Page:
By Sam Nussey
TOKYO (Reuters) – Japanese fashion tycoon Yusaku Maezawa is giving away $9 million to his Twitter followers in what he says is a “social experiment” to see if the payment boosts their happiness.
Maezawa will give 1 million yen ($9,000) to 1,000 followers selected at random from those who retweeted a Jan. 1 post, with the impact of the money to be tracked through regular surveys.
“It’s a serious social experiment,” said Maezawa on YouTube, adding he hopes to attract interest from academics and economists.
Maezawa, who is to be the first private passenger to fly around the moon with Elon Musk’s SpaceX, is known for his high spending on art and sports cars but also has a predilection for musing on ideas like a world without money.
He tied the giveaway to the idea of basic income, or the theory of providing a periodic no-strings-attached payment to all citizens, that has gained traction in some political circles and is backed by Democratic U.S. presidential candidate Andrew Yang.
“Basic means a regular minimum amount offering a sense of security, what Maezawa is offering is totally different,” said Toshihiro Nagahama, senior economist at Dai-ichi Life Research Institute.
Maezawa said that given that he “has the money and free time” to make the payments, he felt the need to try and inspire greater debate over the merits of the theory in Japan.
The idea of a universal basic income has gained support over fears technology such as artificial intelligence will wipe out large numbers of jobs but that concern is for now less pronounced in Japan with its tight labor market, said Nagahama.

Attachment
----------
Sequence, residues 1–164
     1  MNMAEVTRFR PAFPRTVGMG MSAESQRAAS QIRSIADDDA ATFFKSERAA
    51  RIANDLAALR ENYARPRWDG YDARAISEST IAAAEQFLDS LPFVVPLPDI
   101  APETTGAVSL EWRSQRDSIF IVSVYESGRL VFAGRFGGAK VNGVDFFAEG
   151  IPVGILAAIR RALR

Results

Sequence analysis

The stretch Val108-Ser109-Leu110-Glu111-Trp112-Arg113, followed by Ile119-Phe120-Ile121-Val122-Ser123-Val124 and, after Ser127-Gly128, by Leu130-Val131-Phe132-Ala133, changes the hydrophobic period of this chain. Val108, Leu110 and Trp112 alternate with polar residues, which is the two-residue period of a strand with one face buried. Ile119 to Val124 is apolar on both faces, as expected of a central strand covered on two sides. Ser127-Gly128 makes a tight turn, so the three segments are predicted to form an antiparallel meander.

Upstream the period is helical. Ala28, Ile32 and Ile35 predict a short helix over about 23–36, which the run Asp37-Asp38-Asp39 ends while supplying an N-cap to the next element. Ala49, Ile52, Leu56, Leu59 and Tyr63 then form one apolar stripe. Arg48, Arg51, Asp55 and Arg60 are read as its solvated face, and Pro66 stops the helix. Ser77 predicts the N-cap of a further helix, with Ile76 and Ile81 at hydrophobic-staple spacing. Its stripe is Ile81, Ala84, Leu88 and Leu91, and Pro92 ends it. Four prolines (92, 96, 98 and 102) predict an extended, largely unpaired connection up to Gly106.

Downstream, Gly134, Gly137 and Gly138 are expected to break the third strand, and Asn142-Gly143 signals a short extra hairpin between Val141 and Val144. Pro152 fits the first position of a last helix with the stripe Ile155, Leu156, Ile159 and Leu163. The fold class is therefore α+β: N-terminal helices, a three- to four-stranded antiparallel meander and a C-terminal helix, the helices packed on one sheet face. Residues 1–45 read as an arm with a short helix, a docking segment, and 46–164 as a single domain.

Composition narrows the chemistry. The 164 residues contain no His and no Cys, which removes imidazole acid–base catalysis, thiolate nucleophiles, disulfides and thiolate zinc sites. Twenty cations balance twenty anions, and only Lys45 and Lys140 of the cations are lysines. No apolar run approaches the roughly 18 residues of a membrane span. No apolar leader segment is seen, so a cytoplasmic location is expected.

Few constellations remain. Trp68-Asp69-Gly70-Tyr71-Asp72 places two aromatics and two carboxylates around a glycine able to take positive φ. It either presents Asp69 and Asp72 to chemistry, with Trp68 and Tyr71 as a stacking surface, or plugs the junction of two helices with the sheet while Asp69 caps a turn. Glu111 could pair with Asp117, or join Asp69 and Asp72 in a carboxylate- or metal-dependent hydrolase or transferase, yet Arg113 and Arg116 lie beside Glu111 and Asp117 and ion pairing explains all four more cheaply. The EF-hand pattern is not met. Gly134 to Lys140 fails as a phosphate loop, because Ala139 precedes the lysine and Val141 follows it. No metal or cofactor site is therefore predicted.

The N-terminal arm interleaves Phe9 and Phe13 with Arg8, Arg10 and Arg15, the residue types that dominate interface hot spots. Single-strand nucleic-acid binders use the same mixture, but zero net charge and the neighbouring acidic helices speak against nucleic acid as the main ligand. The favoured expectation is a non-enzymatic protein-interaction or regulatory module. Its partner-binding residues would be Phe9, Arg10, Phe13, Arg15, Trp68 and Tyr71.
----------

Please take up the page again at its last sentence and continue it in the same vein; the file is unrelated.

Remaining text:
Its the second, larger, giveaway by the entrepreneur, who in November secured a $900 million payday through the sale of his online fashion business Zozo Inc <3092.T> to SoftBank Group Corp <9984.T>.
Maezawa, who recently grabbed headlines after his split from actress girlfriend Ayame Goriki, has gathered almost 7 million followers on Twitter with his mix of displays of conspicuous consumption and folksy pronouncements on the meaning of life.
YouTube is the latest online outlet for the businessman, with videos including a tour of his private jet, a visit to the barber to dye his hair and updating his bank book after November’s windfall.
The debate over basic income comes as income inequality continues to grow in the United States, where in recent years some of its wealthiest entrepreneurs, from Microsoft
(The story corrects to read ‘Buffett’ in last paragraph)
(Editing by Jacqueline Wong)